- no cache – it is faster to get content from memory than from a database (possibly on a different server)
- insufficient size of pool connections
- memory problems
- garbage collection procedure occurs too often or takes too much time
- memory leaks and OutOfMemory error
- concurrency problems
- thread deadlocks
- thread gridlocks
Logging levels in our code will allow us to avoid printing unnecessary logs in non-development mode. It also protects the production environment from slowing down. Logs and return codes can give you detailed information about what exactly happened. Thanks to this, code consumers won’t waste their time.
If you want to avoid the recreation of objects and reduce the amount of garbage collection, cache frequently-used objects.
Remember to use connection pools and cached-prepared statements to gain database access.
Frameworks and tools
If you are about to choose the application framework, I strongly recommend choosing Spring because of its popularity, flexibility, and capabilities. It’s an open-source framework that makes J2EE development easier to manage and helps to “wire” different components together.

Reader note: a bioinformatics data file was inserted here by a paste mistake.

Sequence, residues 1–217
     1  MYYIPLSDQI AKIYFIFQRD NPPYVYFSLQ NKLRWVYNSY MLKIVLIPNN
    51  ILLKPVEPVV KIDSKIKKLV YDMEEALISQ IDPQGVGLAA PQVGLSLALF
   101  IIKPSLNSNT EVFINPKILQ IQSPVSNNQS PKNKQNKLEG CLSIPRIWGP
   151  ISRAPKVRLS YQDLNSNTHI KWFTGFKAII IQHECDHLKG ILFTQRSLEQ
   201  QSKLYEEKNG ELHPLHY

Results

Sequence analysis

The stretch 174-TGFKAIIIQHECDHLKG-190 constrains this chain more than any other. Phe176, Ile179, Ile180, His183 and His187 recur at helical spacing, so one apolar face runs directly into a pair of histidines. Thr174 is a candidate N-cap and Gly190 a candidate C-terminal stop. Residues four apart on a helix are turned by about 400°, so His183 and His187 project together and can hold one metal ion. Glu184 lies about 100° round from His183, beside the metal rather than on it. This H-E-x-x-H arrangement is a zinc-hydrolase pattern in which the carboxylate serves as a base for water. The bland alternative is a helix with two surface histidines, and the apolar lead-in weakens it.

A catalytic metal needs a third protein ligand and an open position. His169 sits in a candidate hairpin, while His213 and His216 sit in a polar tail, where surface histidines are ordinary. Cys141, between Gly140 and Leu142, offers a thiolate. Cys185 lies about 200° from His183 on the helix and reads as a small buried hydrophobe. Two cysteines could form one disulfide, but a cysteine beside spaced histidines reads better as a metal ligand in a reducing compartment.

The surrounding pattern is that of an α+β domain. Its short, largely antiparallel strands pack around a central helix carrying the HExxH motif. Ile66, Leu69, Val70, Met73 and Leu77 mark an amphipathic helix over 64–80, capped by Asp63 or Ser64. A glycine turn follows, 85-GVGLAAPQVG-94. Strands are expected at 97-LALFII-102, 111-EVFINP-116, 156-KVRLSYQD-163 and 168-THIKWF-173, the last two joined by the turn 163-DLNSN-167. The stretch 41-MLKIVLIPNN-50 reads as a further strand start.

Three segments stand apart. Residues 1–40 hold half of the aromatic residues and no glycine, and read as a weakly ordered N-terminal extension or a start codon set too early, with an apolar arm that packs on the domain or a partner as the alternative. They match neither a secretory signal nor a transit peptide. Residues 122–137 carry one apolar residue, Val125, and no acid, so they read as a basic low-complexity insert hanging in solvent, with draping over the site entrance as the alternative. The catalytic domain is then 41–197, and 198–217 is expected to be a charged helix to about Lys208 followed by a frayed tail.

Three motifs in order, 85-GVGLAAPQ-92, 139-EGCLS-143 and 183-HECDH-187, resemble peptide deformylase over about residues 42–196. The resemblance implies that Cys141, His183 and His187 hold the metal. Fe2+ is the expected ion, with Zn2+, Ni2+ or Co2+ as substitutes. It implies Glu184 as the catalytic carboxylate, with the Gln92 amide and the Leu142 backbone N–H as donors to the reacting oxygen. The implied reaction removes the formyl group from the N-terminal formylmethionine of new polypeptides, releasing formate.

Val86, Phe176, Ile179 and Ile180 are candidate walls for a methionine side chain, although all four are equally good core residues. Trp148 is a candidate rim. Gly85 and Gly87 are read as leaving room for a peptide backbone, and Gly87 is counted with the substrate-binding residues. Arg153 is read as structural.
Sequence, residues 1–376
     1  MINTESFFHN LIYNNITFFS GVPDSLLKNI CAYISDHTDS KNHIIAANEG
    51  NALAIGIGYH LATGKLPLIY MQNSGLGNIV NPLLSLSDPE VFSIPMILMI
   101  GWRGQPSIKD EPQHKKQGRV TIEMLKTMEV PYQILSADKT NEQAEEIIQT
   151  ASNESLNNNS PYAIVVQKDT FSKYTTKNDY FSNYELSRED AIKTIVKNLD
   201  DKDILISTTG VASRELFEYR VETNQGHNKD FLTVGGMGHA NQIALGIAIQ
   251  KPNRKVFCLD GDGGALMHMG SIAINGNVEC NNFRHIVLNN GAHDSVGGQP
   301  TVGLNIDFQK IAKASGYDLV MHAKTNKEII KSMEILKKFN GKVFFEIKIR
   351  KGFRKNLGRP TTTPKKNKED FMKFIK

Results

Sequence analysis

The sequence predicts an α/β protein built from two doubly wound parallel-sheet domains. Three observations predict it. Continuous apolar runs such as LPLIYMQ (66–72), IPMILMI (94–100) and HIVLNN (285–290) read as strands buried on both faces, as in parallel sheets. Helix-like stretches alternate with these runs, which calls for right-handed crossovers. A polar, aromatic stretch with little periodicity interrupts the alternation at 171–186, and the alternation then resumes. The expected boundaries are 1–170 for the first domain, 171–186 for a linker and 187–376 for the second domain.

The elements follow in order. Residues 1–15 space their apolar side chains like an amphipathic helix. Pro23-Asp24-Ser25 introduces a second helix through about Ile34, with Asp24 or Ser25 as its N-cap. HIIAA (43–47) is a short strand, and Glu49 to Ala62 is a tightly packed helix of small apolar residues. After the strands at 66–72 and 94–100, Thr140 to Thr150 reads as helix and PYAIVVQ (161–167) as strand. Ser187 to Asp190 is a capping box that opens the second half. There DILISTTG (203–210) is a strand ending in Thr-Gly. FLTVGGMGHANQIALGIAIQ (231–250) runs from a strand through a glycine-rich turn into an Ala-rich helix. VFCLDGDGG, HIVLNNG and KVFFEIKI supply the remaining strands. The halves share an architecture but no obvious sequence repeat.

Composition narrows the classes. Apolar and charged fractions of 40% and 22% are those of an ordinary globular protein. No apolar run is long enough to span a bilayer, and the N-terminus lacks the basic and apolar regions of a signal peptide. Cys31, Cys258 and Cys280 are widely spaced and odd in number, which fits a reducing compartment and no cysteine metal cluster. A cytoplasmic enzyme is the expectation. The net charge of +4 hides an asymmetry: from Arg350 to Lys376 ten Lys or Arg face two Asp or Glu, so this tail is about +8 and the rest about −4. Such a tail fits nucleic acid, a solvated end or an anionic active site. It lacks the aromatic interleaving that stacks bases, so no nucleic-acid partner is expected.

Above all, Spring is helpful if you have a lot of components that you want to combine in different ways or if you want to facilitate swapping one component for another. This framework also provides many modules which support functionalities like:
- Dependency Injection
- Database access
- System integration
- Batch processing
What are the key benefits of Spring?
- Well-designed MVC framework
- Modular architecture
- Capability of implementing enterprise applications using POJOs
- Set of conventional technologies, i.e. ORM framework, logging framework, J2EE
- Consistent transaction management system
- Flexibility in building different kinds of applications, i.e. GUI applications
- Support for managing business objects and exposing their services to presentation-tier components
- Capability of eliminating the creation of singleton and factory classes
Use JPA standard implementation as the data persistence framework. The most popular one is Hibernate, which provides several useful modules like:
- ehcache – for defining second level cache
- envers – for tracking change history
- search – for indexing results in local storage
The key benefits of Hibernate are:
- Advantages of OOP concepts, i.e. inheritance, encapsulation
- Avoidance of repetitive code from JDBC API
- Caching mechanism
- Database engine independence
- Support of lazy loading
Following SOLID principles is crucial to designing a good architecture. The acronym stands for:
- S – Single Responsibility Principle
- O – Open/Closed Principle
- L – Liskov’s Substitution Principle
- I – Interface Segregation Principle